Shooting Portraits with a Giant Moon Using a 1120mm Lens

Shooting Portraits with a Giant Moon Using a 1120mm Lens

Photographer Eric Pare recently went out into the desert and shot a set of photos showing a model sitting next to the moon. And the size of the moon in the photos wasn’t faked. Pare managed to capture a gigantic moon by using a 1120mm lens and having his model sit very far away.

Pare was shooting with a Canon 5D Mark IV DSLR using a Canon 400mm f/5.6 mounted to a 2x extender (Mark II), which in turn was mounted to a 1.4x extender. The teleconverter stacking gave the resulting setup a focal length of 1120mm.

To achieve the lens compression he needed to make the moon (a distant object) look bigger than usual, Pare placed himself at a great distance from his model:

“It turned out to be much easier than expected,” Pare says. “During the shooting, I realized that I was able to step down the aperture to f/64 by using the extenders. This gave me a very dirty low-quality image, but the fact that the moon and Kim were quite in focus was very mind-boggling.”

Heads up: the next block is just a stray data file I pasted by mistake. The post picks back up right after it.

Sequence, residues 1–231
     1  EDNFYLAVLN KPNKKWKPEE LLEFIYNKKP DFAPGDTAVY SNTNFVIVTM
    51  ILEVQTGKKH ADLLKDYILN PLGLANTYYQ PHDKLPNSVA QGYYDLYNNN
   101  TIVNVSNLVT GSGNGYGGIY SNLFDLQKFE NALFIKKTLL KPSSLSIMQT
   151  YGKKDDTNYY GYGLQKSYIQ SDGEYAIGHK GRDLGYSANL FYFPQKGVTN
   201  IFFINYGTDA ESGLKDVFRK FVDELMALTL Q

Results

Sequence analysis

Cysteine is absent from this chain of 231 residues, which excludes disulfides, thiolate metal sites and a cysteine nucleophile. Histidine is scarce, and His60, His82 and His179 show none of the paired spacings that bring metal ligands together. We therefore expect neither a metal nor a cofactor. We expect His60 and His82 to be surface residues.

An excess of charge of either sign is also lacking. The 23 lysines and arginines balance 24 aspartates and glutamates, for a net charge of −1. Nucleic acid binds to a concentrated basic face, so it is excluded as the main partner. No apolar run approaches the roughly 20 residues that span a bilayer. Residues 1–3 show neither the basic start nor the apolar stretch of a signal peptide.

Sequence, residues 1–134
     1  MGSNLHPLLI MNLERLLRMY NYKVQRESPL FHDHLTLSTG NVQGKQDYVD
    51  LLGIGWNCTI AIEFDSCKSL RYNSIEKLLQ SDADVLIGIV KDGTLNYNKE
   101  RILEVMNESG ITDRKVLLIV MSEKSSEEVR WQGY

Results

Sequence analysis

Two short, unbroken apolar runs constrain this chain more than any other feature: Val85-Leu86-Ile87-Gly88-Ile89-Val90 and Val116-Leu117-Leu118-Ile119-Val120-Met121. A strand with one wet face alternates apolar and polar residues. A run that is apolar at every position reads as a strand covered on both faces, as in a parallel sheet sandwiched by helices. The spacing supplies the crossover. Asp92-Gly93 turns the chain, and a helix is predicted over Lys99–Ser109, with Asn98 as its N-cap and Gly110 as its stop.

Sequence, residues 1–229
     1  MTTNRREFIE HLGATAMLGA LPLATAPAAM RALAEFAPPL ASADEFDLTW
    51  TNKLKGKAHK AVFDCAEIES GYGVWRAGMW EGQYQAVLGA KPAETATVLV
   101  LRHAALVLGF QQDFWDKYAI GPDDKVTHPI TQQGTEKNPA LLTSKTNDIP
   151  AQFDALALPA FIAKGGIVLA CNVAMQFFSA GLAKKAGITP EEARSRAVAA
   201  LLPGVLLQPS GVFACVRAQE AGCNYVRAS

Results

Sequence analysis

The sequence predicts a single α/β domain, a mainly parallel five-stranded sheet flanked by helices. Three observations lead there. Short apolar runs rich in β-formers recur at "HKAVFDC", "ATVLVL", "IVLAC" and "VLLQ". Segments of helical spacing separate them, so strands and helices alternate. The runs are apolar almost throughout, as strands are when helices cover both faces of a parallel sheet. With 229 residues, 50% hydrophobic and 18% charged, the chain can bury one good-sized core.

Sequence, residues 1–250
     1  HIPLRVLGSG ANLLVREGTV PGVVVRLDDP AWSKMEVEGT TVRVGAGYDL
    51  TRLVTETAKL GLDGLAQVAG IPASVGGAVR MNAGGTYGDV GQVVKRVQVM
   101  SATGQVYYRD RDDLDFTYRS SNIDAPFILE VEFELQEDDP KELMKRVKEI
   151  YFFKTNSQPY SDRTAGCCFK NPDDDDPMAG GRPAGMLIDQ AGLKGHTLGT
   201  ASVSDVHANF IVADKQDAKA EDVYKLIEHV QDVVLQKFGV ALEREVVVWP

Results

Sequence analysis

Here’s a photo Pare captured at 1120mm, f/64, 1/125s, and ISO 1600:

At this aperture, all the dust specks on the sensor show up in the image as ugly dark splotches. By cleaning up the photo in Photoshop, however, Pare was left with a usable image that was created using a single exposure.

Pare also used focus stacking at larger apertures to get the moon and his model both in focus. Here’s a focus stacked image that used separate photos captured at 1120mm, f/11, 1/200s, and ISO 100:

Here’s a short 3.5-minute behind-the-scenes look at how this shoot was done:

You can find more of Pare’s work on his website and Instagram. The model and dancer, Kim Henry, has more work on Instagram as well.

Source: PetaPixel

Shooting Portraits with a Giant Moon Using a 1120mm Lens